Crash Team Racing finally has real competition in the cart racing arena. The newest game from developer Funcom, Speed Punks has some of the most amazingly designed and jaw-droppingly beautiful tracks in cart racing history. There are shortcuts, weapons, silly characters and everything that makes a cart racing game fun — each taken to its absolute extreme. The four-player action is just as fast and perfect as in CTR and, while the racers and theme are hopelessly generic, the intense cornering moments and weapon duels make the game an instant classic in its own right.
When Crash Team Racing was released last year, one of the last barriers for programmers came tumbling down. Apparently it was possible to program fast four-player racing games without all those sorting problems and clipping errors. Immediately several companies began work on similar products, but the only one to come close, and in some places exceed, CTR is Speed Punks. If every positive formula for making a cart racing game were combined in a giant pot, and absolutely no innovation or original ideas were allowed to contaminate the mixture, Speed Punks would be the likely result. Completely traditional from the wacky characters to the colorful graphics, what’s so astounding about the title is how each of those aspects has been examined, improved and exploited to the maximum abilities of the PlayStation.
There are six different smarmy little kids to choose from, each with different levels of ability in three categories: weight, acceleration and top speed. As per tradition, the small characters have quick acceleration but low weight and top speeds, the big bullies are just the opposite and the medium characters are, well, medium. Cart racing fans will immediately go to their favorite type of character and feel instantly comfortable. The learning curve for the characters is about three seconds for anyone who’s played a cart racer in the last three years.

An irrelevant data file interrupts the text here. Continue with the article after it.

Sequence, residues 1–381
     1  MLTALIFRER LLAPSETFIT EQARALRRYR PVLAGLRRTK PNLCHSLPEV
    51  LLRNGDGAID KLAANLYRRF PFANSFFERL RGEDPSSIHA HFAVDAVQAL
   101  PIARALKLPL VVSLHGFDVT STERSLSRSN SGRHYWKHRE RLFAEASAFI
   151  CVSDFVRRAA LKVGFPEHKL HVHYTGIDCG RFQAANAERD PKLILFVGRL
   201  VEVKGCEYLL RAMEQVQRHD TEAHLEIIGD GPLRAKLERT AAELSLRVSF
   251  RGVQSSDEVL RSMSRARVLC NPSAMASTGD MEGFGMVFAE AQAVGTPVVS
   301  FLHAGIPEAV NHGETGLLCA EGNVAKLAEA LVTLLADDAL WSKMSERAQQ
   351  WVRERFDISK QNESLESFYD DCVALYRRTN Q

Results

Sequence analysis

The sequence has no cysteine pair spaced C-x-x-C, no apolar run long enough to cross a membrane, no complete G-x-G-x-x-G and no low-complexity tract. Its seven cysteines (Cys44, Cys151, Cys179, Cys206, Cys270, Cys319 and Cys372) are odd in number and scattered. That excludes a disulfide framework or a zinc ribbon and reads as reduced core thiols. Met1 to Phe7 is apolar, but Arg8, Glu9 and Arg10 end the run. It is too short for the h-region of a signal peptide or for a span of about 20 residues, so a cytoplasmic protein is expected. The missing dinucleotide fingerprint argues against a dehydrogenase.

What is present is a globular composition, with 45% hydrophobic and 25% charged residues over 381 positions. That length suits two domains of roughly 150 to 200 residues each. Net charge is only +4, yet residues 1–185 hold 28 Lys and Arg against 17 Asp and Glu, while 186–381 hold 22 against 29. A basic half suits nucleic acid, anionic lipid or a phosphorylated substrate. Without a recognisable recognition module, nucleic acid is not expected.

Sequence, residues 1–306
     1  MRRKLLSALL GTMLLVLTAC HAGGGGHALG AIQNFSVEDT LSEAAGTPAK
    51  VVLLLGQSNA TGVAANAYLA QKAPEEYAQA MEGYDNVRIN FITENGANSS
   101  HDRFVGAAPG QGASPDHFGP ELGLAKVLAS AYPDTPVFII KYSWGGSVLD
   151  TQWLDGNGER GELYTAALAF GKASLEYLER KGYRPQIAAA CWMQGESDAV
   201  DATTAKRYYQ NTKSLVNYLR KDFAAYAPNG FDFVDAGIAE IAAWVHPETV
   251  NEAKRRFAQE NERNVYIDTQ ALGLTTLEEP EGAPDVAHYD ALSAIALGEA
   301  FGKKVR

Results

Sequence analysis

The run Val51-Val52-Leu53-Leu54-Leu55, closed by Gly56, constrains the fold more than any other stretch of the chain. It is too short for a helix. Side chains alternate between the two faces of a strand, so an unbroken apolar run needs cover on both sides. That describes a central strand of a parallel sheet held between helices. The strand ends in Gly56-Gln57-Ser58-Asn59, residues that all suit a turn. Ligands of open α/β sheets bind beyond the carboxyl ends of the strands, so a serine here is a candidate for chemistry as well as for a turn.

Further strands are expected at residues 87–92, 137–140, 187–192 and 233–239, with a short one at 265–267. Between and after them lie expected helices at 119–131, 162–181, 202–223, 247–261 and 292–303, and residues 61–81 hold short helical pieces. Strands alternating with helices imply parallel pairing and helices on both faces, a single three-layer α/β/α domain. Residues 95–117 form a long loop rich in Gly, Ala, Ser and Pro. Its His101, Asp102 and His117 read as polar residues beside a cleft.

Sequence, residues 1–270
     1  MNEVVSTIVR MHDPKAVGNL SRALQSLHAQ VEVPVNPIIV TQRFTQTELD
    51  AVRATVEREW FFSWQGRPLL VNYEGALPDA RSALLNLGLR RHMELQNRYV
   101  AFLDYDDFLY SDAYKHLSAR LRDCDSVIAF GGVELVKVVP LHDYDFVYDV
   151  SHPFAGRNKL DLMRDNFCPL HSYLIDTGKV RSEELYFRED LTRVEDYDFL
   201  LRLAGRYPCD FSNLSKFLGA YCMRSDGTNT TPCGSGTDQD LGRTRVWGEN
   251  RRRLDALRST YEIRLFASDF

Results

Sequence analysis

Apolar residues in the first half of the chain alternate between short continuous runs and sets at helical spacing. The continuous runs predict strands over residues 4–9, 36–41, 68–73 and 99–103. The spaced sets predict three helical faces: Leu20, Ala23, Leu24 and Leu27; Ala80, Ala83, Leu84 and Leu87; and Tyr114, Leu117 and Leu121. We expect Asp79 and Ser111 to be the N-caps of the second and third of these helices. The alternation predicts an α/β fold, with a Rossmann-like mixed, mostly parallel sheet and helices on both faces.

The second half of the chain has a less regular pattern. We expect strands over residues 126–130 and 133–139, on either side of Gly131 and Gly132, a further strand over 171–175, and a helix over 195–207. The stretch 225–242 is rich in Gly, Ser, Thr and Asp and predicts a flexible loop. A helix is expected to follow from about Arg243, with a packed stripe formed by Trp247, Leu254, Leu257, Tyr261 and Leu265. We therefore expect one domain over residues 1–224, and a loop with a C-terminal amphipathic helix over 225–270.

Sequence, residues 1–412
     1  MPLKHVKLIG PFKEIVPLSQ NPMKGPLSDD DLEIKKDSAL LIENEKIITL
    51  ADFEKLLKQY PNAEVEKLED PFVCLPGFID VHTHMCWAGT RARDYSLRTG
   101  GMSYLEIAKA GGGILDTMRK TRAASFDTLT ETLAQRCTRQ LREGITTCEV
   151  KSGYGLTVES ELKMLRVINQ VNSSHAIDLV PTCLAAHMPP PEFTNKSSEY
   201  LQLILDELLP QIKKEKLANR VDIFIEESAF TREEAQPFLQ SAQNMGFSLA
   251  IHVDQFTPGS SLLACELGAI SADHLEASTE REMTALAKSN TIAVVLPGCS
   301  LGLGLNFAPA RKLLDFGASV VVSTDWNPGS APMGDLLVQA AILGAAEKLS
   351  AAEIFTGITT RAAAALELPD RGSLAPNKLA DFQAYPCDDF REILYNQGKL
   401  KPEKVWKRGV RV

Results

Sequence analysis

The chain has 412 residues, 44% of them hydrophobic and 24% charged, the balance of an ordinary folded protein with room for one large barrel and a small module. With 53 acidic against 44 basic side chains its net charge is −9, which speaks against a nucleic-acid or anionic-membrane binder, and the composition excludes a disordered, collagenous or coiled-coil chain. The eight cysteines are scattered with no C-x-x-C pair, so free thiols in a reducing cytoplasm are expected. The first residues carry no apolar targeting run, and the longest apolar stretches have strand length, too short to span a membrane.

The control scheme is another example of the “if it ain’t broke… ” theory. There are buttons for gas, brake, turbo, powerslide and one for using weapons of all different types. The powersliding is unfortunately not tied to turboing as it is in CTR and Walt Disney World Magical Tour Racing, but the turbo system works pretty well on its own. Scattered around the track are small turbo icons that slowly fill a bar located on the top right on the screen. When and how much to use turbo is entirely up to the racer.
Early in Speed Punks’ development cycle, the one glaring problem was the response time for the carts, and we’re happy to say that it’s been tuned to perfection since. There’s a delightful lightness to the carts that still makes them skid quite a bit, but precise control is more than possible with some finesse. Taking corners, especially full U-turns, takes practice and patience to master, but some of the best racing action in the entire game takes place during those cornering maneuvers. Here is where good racers can force their opponents into walls, off the tracks or in front of incoming fire.
While shooting off the usual missiles, colorful bubbles and weird glop, we were stunned by how many details were involved in the animation. Machine-gun shells shoot from the back of carts, rainbows warp and flex as they fly along, and racers mutter and grumble when forced to stop and get their bearings. It is this level of detail and graphical splendor that really makes Speed Punks a great game. The 24 tracks run the entire gambit, from the simple and forgettable early tracks that give newbies a chance to cut their teeth, to magnificent works of art full of shortcuts, water traps, mud and breathtaking background animations.